In the world of design, one number reigns supreme: the golden ratio. This number, which has been represented by the Greek letter phi (phi), has been referenced and repeated throughout the history of design, fascinating artists, architects and designers for centuries. This omnipresent presence of the golden ratio in our world is one of the most interesting and inexplicable phenomena in the history of human creativity.
The golden ratio is 1:0.618 and has been coined golden because it is said to be aesthetically pleasing (Closely related to the Fibonacci Sequence).
Two numbers are in the golden ratio if the ratio of the sum of the numbers (a and b) divided by the larger number (a) is equal to the ratio of the larger number divided by the smaller number (a/b).
It has been observed in the proportions of things like flowering plants, the length of a human forearm, the number of petals on a flower, the girth of a tree, and the size and shape of a pine cone. The golden ratio has fascinated artists, architects and designers for centuries. It can be found in some of the most renowned works of art from the renaissance to modern art.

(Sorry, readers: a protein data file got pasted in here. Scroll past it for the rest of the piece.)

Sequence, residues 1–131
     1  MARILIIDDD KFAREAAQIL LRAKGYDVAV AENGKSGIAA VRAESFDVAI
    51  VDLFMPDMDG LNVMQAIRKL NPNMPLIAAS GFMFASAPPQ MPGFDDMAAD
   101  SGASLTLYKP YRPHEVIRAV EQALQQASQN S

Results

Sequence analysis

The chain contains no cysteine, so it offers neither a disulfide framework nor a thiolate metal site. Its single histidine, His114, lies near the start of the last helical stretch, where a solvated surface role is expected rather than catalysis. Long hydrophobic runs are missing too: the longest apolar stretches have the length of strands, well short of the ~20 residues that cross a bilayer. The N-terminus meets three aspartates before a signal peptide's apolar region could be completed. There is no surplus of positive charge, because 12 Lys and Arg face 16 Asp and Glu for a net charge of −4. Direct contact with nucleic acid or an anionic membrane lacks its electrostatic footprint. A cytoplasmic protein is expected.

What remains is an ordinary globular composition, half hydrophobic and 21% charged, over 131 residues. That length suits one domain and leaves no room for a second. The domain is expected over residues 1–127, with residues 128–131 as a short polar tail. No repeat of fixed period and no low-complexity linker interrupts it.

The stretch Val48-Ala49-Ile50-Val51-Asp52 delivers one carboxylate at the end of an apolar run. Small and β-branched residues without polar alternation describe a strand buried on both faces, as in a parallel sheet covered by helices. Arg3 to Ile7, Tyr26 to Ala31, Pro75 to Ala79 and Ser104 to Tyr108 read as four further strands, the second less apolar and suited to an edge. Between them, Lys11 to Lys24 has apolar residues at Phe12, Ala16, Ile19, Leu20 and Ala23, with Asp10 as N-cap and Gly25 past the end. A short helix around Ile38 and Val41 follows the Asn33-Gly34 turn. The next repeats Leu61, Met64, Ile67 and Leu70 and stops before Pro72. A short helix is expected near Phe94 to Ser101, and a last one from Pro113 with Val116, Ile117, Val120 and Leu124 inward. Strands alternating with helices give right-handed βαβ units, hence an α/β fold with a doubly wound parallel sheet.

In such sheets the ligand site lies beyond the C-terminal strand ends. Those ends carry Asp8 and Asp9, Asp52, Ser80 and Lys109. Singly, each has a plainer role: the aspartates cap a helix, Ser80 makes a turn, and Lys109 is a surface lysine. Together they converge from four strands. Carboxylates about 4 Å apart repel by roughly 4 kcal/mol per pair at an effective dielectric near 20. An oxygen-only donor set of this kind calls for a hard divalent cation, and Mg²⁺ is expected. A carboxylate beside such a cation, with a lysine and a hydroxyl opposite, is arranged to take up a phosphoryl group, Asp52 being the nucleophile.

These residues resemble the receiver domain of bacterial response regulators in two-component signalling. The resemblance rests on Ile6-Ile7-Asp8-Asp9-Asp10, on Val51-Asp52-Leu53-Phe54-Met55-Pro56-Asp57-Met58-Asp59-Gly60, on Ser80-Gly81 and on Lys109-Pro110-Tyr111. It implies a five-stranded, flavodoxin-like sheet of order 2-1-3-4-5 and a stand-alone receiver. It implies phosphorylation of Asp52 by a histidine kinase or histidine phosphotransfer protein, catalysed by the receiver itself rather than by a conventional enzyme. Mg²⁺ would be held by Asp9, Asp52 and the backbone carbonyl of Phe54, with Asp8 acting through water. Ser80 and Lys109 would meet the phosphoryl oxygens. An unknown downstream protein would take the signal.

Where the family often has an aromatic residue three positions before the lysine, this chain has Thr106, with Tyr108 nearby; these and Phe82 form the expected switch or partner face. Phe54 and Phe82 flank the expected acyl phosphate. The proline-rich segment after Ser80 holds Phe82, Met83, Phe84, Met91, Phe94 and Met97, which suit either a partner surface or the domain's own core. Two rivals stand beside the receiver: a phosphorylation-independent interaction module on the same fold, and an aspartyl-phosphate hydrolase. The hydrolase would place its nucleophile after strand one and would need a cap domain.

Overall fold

Here are some of the most fascinating uses-
The paintings of Leonardo da Vinci-
One of the most well-known artists in history, Leonardo da Vinci (1452–1519) was a Renaissance polymath. One of the most striking features of many of his paintings is their use of the golden ratio.
In the painting, The Vitruvian Man, the length of the inner arm is exactly equal to the length of the outer arm.
Mona Lisa shows a striking display of the same. The golden ratio is used in the composition of the painting, which is visible in the woman’s hands, facial composition and posture.
Da Vinci used the golden ratio in The Last Supper to align the composition of the painting with the golden section.
The columns of the Parthenon to the Great Pyramids of Giza
The ancient Greeks knew of a rectangle whose sides are in the golden proportion (1: 1.618 which is the same as 0.618). The Parthenon is 30.8 meters wide and 69.51 meters long (101 and 228 feet, respectively). This equals a 4:9 ratio.
Golden ratio in Islamic Architecture — Taj mahal
Many twentieth-century artists and architects, including Le Corbusier and Salvador Dali, incorporated the golden ratio into their work.
Although not universal, the divina proportione is the most pleasing to the eye. This concept has survived a course of 1,500 years to seamlessly integrate into the present-day design.